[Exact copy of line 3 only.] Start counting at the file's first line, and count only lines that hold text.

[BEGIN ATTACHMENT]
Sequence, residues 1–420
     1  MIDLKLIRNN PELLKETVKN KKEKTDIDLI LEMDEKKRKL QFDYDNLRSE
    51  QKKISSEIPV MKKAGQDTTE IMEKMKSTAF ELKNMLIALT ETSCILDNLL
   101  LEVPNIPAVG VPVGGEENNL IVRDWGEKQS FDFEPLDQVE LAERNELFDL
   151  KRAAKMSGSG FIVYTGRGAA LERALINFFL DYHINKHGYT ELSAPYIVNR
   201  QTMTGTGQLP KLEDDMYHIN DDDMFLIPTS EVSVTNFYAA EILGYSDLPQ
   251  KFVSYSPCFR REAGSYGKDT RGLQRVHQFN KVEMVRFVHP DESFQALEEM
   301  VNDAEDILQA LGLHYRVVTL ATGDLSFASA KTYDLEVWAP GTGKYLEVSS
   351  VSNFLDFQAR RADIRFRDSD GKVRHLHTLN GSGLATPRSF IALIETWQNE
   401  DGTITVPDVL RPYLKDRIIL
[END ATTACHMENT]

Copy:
    51  QKKISSEIPV MKKAGQDTTE IMEKMKSTAF ELKNMLIALT ETSCILDNLL